By Houriya Ahmed
A month after Fatah and Hamas chiefs signed a reconciliation deal–after almost ten months in negotiations–is it any surprise that the deal has broken down?
In an interview with the Ma’an News agency, Palestinian Authority (PA) President Mahmoud Abbas stated that “unity is frozen”, referring to the deal signed in Qatar last month that would have seen the end of the bitter rivalry between the two foes.
The deal would have seen Abbas act as interim Prime Minister in a caretaker government, in addition to his current positions as President of the PA and Chief of the Palestinian Liberation Organization (PLO), until new presidential and parliamentary elections are held in the Palestinian Territories.
The reason for a breakdown in implementing the unity deal is due to objections raised by Hamas officials in Gaza to Abbas acting as interim PM, saying that such a move would be unconstitutional.
Opposition to the unity deal by Hamas officials in Gaza was, in Abbas’ view, contrary to the views expressed by the Islamist group’s politburo Chief Khaled Mashaal in Doha, who he believes “agreed on the vision and objectives and conditions [of the unity deal] in full [and was] ready (to proceed).” He also stated that “the ball is now in Hamas’ court”.
The push back to the deal by Hamas officials shows the growing internal rift between the group’s political leadership–which is floundering for a permanent base after abandoning its patron in Syria–and its administrative one in Gaza. So it would be interesting to see what Qatar, a strong proponent of the unity deal, will do to help solve Hamas’ internal infighting and whether it will try to re-facilitate unity between Fatah and Hamas. Qatar is interested in moderating Hamas into a pragmatic political player in the region, and has, along with Turkey, filled the void in Hamas’ financial pockets that was left by Iran after the group refused to side with Bashar al-Assad’s campaign of killing Syrian civilians; Qatar gave $250 million to the group to help with re-construction efforts in Gaza. Could it threaten to halt these funds to pressurise Hamas leaders in Gaza to accept Abbas heading the caretaker government?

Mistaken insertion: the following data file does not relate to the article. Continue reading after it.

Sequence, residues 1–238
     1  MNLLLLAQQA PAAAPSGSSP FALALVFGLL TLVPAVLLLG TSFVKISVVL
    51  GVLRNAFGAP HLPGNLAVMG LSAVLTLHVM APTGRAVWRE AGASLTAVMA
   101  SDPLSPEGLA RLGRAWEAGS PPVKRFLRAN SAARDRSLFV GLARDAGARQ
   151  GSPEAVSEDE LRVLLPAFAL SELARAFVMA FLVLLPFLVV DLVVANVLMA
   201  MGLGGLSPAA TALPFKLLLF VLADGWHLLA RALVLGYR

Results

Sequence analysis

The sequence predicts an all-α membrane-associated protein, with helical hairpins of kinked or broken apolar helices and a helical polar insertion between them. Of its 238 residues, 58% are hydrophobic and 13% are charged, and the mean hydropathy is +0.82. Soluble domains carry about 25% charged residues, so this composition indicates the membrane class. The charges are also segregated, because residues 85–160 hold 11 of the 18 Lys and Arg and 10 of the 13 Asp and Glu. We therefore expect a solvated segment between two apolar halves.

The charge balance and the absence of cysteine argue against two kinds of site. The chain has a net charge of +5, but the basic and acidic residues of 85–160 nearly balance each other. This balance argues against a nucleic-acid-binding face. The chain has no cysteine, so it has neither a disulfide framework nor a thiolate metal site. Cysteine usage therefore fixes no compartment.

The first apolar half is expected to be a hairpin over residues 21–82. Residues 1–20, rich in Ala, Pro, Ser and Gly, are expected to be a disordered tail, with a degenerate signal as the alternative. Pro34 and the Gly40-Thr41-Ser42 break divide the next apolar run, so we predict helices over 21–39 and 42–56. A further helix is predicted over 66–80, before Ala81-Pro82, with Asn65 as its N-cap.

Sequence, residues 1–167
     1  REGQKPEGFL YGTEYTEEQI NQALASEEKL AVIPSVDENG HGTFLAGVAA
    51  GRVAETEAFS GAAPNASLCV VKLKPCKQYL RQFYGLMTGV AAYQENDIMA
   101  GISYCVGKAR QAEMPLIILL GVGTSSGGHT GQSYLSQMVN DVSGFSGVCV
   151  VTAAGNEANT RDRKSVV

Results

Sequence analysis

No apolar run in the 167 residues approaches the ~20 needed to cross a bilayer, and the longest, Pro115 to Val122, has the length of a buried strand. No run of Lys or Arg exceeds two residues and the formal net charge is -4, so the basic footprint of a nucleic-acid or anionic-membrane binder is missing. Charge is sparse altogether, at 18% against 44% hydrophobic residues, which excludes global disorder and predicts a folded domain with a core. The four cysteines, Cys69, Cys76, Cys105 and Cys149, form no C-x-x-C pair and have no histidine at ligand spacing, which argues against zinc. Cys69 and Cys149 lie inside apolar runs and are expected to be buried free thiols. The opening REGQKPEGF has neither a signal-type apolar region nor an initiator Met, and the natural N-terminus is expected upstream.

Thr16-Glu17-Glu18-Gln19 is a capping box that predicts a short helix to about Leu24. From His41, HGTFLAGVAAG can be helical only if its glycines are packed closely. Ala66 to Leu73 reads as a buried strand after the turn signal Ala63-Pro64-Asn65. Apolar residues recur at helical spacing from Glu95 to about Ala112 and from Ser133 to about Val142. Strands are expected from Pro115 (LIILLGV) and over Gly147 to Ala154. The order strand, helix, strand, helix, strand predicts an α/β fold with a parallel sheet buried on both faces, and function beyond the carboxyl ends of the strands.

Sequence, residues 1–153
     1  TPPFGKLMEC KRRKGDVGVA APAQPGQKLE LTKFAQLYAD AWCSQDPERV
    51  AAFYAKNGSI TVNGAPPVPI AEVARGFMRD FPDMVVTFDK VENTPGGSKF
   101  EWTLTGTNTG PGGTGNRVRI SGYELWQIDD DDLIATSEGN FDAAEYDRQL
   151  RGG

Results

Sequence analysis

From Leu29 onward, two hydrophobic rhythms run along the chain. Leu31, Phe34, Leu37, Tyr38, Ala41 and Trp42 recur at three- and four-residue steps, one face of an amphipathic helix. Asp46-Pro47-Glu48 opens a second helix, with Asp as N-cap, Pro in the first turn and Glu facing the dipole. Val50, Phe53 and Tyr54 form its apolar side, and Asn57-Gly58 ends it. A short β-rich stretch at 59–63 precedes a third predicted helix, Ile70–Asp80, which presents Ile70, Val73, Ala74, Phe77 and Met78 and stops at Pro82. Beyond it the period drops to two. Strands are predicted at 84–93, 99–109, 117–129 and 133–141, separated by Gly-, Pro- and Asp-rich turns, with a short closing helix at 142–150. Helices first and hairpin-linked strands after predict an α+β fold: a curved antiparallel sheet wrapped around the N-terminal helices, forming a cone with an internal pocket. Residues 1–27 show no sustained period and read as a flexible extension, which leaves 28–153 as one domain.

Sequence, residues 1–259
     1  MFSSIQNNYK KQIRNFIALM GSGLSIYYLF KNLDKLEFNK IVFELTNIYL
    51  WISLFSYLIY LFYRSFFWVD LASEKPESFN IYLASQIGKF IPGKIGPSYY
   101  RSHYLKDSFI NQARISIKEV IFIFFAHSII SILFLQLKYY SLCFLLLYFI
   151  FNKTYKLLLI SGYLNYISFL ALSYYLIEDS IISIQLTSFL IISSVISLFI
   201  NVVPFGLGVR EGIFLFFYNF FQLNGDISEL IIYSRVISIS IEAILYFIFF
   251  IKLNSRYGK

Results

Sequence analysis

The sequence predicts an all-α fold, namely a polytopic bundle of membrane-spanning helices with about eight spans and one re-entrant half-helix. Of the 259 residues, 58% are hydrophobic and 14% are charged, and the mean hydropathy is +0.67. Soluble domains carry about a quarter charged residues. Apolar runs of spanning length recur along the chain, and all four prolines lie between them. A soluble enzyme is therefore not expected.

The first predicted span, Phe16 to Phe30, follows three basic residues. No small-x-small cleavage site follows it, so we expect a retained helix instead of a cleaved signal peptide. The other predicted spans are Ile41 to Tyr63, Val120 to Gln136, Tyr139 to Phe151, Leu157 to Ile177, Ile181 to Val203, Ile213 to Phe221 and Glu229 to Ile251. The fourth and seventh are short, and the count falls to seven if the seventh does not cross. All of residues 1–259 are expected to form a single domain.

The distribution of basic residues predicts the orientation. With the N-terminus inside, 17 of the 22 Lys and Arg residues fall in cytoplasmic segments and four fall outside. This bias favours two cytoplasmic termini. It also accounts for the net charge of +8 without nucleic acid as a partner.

It will also be interesting to see whether Abbas, who is currently in Baghdad, will be able to push for momentum in Palestinian unity and gain support from other Arab nations as they gather for an Arab League summit in Iraq. Events of late, with regards to Syria and Iran, have drawn the limelight away from the unity deal. Abbas in fact said that he hoped for greater “emotional, political and financial support” for Palestine from Arab countries while at the summit.
However, the escalation of violence earlier this month between Israel and Palestinian militant factions, namely Islamic Jihad and the Popular Resistance Committees, shows that Hamas is unable to fully control events in the Gaza strip–the Territory which it currently governs. It seems that the Palestinian militants, who were the first to attack Israel, were most probably acting as proxies for Iran, who could have used the militants to serve a double purpose: to punish Hamas for not siding with Syria and thus Iran, and to distract scrutiny over its own nuclear activity to Israeli “aggression”.
Considering that Hamas–its political wing anyway–is unable to control what happens inside Gaza, is it even prudent for Abbas to push for unity? Well, only time will tell.
Houriya Ahmed is a Research Fellow at the HJS.